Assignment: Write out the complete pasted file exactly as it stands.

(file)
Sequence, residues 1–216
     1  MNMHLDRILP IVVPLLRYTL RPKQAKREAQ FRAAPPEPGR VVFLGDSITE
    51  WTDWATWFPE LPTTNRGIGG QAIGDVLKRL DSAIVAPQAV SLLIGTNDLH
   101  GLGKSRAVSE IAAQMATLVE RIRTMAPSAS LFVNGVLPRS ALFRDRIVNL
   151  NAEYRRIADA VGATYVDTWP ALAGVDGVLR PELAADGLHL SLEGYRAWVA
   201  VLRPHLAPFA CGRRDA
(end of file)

Sequence, residues 1–216
     1  MNMHLDRILP IVVPLLRYTL RPKQAKREAQ FRAAPPEPGR VVFLGDSITE
    51  WTDWATWFPE LPTTNRGIGG QAIGDVLKRL DSAIVAPQAV SLLIGTNDLH
   101  GLGKSRAVSE IAAQMATLVE RIRTMAPSAS LFVNGVLPRS ALFRDRIVNL
   151  NAEYRRIADA VGATYVDTWP ALAGVDGVLR PELAADGLHL SLEGYRAWVA
   201  VLRPHLAPFA CGRRDA